(Nekhabit) Depicted either as a vulture or anthropomorphically, wearing a vulture headdress, Nekhbet is the Goddess of Upper (that is, southern) Egypt, counterpart of Wadjet, Goddess of Lower (northern) Egypt. The two Goddesses together thus represent the sovereignty of Egypt united and are often juxtaposed in heraldic fashion. Nekhbet has an independent set of associations as well, however. Some of these derive from the ideas Egyptians had about the vulture. In PT utterance 570, for instance, the deceased king places himself under the protection of Nekhbet with an unusual appeal: “I will never swallow the Eye of Horus so that men may say: ‘He [Horus] is dead because of it.’ I will never swallow a limb of Osiris so that men may say: ‘He [Osiris] is dead because of it.” The vulture, because it feeds on carrion, is, so to speak, a predator free from blame, a condition which the king wishes to share (compare J. Gwyn Griffiths’ remarks, in relation to PT utterance 270, on “the hostile interpretation of animal sacrifices which was so marked a feature of Egyptian religious thought,” in Griffiths 1991, 153). The association of the vulture with purity of food underlies the identification of the deceased with Nekhbet with regard to nourishment in CT spell 863: “If N. be hungry, Nekhbet will be hungry; if N. be thirsty, Nekhbet will be thirsty.” That the role of Nekhbet here follows from the nature of the vulture is clear from the spell’s opening line, “The dead are swallowed for you,” as well as from a passage near the end which refers to “the vulture of whom the Gods are afraid and whom the souls fear in N.’s abode, just as they are afraid of the Eye of Horus.” The hieroglyphic sign of the vulture stands for the word mut, ‘mother’. This symbolism bears especially upon the Goddess Mut, of course, but it affects Nekhbet as well, who is more closely identified with the vulture than Mut is. Nekhbet’s maternal quality is manifest in her role as the nurse of Horus. CT spell 16 says of Horus, for instance, “Isis bore him, Khabet [Nekhbet] brought him up,” while the ferry-boat of CT spell 398 has for its aft mooring-post “Nekhbet with her arms about Horus.” A spell to ease childbirth (no. 61 in Borghouts) invokes “Nekhbet the Nubian,” among other deities, in order to charge a clay figure of a dwarf (cf. Bes) which the operator uses to conjure the woman giving birth. Nekhbet is also spoken of as the “guide of Re” on his daily journey to the west, rising opposite him at the sunrise and hovering over him at what is his daily birth (P. Carlsberg I, B. I, 24-27/Neugebauer and Parker vol. I, pp. 45-46). Since the sun was thought of as rising opposite the land of Punt (Somalia), this might explain Nekhbet’s association with Nubia in the childbirth spell.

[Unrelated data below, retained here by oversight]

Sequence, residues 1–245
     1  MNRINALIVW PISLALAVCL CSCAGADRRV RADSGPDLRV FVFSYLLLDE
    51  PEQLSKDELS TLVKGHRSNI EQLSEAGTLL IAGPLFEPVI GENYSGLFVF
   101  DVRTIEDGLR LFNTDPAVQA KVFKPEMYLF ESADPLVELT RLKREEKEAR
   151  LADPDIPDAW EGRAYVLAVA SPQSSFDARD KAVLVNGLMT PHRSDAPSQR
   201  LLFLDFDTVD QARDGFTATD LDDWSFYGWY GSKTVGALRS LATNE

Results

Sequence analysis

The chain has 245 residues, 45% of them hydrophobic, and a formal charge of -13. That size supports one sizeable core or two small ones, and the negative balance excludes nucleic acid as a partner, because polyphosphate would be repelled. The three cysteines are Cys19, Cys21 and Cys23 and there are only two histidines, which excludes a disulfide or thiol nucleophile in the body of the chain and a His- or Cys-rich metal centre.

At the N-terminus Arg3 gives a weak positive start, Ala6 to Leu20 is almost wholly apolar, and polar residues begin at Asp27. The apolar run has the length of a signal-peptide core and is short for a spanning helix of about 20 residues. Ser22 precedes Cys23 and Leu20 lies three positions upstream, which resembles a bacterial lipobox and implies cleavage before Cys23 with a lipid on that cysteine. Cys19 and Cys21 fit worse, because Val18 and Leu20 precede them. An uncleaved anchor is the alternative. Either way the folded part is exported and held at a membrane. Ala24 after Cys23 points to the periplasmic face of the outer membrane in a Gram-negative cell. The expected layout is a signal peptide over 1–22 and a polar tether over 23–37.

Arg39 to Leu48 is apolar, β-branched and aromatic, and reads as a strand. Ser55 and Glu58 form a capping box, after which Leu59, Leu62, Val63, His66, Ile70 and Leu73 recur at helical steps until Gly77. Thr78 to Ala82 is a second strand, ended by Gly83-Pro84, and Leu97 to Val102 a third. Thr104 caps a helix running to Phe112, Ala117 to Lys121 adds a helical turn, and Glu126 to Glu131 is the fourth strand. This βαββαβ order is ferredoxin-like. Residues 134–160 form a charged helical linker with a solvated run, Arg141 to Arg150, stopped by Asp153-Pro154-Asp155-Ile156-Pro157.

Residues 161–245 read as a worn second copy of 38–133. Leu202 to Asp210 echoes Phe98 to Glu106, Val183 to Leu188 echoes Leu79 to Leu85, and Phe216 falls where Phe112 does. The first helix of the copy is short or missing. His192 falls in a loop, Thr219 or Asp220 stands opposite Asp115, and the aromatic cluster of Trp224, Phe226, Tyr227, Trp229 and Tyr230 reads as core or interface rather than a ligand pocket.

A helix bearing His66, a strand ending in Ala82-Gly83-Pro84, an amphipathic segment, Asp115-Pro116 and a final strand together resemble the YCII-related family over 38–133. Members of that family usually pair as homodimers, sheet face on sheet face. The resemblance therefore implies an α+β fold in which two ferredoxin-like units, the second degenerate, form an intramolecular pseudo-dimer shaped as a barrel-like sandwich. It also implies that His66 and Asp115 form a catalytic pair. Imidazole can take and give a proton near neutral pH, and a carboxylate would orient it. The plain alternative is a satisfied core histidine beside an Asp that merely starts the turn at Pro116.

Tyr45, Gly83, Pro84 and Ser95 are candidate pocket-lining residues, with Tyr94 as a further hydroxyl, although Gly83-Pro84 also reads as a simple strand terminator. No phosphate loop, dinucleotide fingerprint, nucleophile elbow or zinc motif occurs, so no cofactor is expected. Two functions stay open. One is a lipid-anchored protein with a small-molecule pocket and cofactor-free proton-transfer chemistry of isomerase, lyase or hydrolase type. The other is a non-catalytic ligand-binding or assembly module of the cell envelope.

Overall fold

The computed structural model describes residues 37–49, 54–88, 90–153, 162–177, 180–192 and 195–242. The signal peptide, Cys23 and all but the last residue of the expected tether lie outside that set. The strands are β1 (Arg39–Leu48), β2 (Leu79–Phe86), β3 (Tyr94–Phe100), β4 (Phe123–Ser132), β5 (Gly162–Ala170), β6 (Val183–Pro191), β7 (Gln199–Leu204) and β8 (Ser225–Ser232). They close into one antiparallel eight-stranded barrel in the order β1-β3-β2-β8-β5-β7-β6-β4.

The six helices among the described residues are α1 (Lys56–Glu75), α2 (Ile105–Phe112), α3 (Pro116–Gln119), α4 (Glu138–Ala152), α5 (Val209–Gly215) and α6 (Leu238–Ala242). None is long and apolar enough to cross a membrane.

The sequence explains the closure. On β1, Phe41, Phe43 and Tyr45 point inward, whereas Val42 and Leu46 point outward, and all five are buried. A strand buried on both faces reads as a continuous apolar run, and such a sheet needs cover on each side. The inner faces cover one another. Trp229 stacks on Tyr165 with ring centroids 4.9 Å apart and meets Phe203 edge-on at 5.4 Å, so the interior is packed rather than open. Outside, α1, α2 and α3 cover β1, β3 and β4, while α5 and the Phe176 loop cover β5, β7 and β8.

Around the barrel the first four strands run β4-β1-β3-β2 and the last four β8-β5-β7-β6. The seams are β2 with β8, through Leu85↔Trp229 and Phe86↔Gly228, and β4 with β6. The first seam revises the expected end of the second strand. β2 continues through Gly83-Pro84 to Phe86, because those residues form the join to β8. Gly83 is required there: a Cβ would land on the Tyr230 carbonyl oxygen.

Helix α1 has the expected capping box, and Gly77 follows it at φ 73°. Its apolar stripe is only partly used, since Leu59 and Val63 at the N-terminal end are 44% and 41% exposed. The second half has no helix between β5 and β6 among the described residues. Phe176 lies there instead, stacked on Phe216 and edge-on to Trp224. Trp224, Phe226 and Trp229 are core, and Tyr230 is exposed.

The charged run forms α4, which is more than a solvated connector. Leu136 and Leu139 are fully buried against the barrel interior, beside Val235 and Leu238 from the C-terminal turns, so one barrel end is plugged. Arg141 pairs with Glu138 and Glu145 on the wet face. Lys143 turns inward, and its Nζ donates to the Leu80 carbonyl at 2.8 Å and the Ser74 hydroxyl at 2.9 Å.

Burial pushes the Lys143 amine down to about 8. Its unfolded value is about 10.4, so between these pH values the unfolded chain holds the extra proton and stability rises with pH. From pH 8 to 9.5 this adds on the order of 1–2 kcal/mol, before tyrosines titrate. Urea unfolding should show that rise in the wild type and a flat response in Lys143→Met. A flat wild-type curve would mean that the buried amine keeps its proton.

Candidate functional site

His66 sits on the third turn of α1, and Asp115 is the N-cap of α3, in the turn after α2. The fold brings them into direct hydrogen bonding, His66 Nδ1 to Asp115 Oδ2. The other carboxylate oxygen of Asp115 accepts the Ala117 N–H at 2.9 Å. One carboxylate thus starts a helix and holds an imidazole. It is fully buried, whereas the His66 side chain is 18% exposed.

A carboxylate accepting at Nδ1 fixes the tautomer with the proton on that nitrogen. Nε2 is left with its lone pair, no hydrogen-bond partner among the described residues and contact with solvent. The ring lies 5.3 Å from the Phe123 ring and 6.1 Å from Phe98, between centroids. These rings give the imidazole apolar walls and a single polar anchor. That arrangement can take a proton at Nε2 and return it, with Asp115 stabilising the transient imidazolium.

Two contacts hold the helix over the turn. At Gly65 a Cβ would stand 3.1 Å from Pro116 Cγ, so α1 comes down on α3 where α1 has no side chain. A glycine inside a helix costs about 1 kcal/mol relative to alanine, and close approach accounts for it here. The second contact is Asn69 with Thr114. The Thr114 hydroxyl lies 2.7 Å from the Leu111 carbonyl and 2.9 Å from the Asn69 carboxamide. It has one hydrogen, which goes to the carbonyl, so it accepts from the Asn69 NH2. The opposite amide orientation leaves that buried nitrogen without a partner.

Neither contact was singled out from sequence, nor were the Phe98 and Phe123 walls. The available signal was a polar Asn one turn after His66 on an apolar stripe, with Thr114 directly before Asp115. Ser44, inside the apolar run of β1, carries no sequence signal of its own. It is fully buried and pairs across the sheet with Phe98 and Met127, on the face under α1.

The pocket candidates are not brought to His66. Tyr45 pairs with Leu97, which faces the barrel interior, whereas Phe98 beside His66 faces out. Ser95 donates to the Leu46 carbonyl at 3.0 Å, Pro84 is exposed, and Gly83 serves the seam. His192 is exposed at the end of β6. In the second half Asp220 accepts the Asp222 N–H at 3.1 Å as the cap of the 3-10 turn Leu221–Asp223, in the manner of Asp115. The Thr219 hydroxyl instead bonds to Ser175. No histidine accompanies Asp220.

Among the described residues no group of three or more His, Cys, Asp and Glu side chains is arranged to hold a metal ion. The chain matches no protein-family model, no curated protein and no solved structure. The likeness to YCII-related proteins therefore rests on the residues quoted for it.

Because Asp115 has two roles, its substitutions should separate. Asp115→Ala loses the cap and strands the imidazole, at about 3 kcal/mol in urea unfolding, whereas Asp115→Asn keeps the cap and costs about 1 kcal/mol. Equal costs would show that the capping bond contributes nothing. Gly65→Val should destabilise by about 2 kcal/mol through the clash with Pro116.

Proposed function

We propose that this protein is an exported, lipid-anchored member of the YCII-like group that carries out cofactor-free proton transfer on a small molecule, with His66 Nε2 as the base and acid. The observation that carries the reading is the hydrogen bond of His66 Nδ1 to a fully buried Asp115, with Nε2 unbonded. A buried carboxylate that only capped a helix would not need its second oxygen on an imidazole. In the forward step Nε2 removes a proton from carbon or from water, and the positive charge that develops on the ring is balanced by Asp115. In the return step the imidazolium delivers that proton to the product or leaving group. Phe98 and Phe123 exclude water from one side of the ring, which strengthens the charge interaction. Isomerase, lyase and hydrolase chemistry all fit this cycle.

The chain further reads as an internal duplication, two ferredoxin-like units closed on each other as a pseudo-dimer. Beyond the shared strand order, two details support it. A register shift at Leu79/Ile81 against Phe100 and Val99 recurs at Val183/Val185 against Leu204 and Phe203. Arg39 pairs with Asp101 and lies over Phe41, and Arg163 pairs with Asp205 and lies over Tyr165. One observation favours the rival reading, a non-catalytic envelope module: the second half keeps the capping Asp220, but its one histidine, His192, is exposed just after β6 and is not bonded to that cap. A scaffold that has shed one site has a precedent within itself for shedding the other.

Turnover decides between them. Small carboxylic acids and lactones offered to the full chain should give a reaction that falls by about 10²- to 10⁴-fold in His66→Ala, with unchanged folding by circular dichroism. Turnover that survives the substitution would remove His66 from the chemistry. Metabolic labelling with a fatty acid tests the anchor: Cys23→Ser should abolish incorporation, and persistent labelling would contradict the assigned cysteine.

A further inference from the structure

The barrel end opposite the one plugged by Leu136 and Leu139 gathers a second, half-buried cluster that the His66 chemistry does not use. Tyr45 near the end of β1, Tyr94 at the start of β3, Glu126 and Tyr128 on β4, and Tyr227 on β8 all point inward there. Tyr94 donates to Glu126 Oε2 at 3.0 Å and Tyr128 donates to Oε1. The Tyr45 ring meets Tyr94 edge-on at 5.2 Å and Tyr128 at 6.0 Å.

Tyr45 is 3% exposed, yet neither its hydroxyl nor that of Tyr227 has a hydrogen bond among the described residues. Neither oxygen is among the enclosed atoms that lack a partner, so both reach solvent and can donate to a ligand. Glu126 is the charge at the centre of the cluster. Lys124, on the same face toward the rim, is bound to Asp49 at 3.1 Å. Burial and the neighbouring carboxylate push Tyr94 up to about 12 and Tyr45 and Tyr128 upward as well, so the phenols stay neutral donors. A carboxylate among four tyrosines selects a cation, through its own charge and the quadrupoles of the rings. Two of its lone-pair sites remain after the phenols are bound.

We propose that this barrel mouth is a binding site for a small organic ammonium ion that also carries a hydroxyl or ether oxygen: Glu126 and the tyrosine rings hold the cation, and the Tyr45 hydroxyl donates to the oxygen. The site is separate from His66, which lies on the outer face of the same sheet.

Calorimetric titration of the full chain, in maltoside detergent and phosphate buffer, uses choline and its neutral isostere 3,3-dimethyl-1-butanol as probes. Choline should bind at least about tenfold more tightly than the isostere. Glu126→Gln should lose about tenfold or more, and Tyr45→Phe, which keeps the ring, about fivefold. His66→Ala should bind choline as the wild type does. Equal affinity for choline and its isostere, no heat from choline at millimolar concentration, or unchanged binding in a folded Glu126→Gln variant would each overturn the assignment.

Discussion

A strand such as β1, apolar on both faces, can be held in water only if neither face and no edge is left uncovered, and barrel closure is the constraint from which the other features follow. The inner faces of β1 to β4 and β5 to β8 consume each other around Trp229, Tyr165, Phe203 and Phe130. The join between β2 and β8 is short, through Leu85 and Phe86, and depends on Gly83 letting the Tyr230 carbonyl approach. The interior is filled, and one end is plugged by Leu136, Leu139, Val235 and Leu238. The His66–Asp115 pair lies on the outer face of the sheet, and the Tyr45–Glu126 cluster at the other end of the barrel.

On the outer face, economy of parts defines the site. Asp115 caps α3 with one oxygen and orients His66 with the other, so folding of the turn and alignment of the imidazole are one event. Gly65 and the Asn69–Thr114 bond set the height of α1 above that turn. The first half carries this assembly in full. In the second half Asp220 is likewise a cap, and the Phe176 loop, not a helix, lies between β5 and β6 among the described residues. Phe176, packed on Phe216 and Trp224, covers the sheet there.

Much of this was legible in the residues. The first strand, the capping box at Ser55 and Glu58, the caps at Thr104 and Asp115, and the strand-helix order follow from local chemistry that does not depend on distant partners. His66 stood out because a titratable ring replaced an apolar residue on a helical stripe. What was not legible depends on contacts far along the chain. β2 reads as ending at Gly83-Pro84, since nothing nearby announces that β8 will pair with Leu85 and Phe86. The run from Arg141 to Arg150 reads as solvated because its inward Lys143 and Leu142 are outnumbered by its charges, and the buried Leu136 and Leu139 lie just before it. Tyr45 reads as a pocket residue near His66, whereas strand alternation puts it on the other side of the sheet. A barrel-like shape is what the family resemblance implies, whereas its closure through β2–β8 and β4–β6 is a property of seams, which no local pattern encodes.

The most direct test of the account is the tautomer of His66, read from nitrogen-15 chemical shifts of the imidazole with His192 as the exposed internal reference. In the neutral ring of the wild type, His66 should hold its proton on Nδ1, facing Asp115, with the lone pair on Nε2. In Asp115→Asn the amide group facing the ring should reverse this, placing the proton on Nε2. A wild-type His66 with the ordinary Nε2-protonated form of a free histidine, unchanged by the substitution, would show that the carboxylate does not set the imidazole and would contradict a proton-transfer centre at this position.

CT spells 956 and 957 are, effectively, spells for ‘transforming into’ or invoking Nekhbet, albeit spell 957, which is much better preserved than 956, bears the title “To become Ma’et“. In both spells the operator affirms “I have ascended to the upper sky, and I have fashioned Nekhbet; I have descended to the lower sky, and I have fashioned Sekhmet,” but in 957 has been inserted “I have traversed the middle sky … because I am Ma’et in these manifestations of hers which are upon and in the middle of Nekhbet, the complete Vulture.” Ma’et’s inhabitation within Nekhbet seems to parallel the operator’s statement in both spells that “Nekhbet has installed me in the midst of herself <lest> Seth should see me when I reappear.” Nekhbet seems to mediate here between Ma’et’s function, which pertains to the order and harmony of the cosmos, and the personal protection afforded to mortals by Sekhmet in the so-called ‘lower sky’, i.e., the sky of the underworld. A spell to ward off infectious diseases (no. 14 in Borghouts) invokes Nekhbet, “who lifted up the earth unto the sky for her father.” Nekhbet’s ‘father’ here is presumably Re. “Do come,” the spell continues, “that you may tie the two plumes closely around me. Then I will live on and be sound.” The spell is to be said over a pair of vulture plumes and the person to receive protection is to be stroked by them.
At Nekhbet’s cult center Nekheb (el-Kab; known to the Greeks as Eileithyiaspolis), inscriptions make reference to seven “arrows” of Nekhbet, these being the same “arrows”—that is, demonic potencies—wielded at other places by Bast or Tutu. At el-Kab, Nekhbet delivers seven speeches charging each “arrow” to the protection of the pharaoh. These “arrows” are, in effect, forces normally malevolent, but whom the Goddess is able to enlist to act according to her own will. Several of the demons shown at el-Kab have the head of the animal associated with Seth, showing the ability of Nekhbet to marshal Seth’s powers against, among others, the demons of disease and misfortune under the control of Sekhmet and known as her “murderers” (for a complete account of the arrows of Nekhbet at el-Kab, see Capart 1940).
Borghouts, J. F. 1978. Ancient Egyptian Magical Texts. Leiden: E. J. Brill.
Capart, Jean. 1940. “Les Sept Paroles de Nekhabit.” Chronique d’Égypte 15/29: 21-29.
Faulkner, R. O. 1969. The Ancient Egyptian Pyramid Texts. Oxford: Oxford University Press. [PT]
Faulkner, R. O. 1973-8. The Ancient Egyptian Coffin Texts. 3 vols. Warminster: Aris & Phillips Ltd. [CT]
Griffiths, J. Gwyn. 1991. “The Accusing Animals.” In Ursula Verhoeven and Erhart Graefe, eds. Religion und Philosophie im alten Ägypten. Leuven: Peeters.
Neugebauer, Otto, and Richard A. Parker. 1960-9. Egyptian Astronomical Texts. Providence: Brown University Press.